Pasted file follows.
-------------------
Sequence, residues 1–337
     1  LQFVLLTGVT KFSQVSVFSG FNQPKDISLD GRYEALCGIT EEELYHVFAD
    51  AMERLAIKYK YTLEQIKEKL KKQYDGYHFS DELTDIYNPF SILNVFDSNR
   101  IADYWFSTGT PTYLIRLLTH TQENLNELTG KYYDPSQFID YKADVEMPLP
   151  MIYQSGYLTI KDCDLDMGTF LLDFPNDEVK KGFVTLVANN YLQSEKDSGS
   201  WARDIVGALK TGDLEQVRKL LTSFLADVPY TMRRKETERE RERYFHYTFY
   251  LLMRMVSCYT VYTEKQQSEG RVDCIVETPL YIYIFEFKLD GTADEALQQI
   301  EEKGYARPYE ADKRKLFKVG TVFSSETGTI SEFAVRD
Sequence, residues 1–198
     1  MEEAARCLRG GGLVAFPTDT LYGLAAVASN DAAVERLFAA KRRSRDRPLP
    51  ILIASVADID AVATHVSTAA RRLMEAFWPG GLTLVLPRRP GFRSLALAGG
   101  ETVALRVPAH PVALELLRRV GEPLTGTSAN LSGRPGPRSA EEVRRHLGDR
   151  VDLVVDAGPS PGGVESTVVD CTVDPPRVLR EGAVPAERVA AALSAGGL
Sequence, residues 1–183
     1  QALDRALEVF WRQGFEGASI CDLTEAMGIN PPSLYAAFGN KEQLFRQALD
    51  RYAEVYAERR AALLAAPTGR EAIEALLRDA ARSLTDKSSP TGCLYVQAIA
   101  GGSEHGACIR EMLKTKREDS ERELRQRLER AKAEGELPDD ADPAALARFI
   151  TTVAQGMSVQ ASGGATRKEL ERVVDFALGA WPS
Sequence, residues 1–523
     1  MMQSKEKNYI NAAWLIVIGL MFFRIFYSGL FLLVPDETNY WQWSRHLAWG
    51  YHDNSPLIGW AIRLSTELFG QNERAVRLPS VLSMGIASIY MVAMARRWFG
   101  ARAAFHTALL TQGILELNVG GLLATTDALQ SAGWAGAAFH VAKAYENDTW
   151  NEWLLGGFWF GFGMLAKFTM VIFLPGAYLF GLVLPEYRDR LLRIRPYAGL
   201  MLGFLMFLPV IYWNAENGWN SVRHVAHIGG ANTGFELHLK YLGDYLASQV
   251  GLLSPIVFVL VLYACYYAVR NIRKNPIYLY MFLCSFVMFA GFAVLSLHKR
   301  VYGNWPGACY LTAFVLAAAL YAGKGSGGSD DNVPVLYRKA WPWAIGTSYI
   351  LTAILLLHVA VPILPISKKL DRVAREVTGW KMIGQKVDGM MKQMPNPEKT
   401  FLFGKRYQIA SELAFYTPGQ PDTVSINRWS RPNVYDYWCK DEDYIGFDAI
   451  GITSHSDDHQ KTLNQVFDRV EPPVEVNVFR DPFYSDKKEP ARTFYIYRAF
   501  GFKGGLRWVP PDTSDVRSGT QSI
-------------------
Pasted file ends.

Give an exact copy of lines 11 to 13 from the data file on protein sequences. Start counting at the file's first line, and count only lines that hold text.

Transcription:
    51  ILIASVADID AVATHVSTAA RRLMEAFWPG GLTLVLPRRP GFRSLALAGG
   101  ETVALRVPAH PVALELLRRV GEPLTGTSAN LSGRPGPRSA EEVRRHLGDR
   151  VDLVVDAGPS PGGVESTVVD CTVDPPRVLR EGAVPAERVA AALSAGGL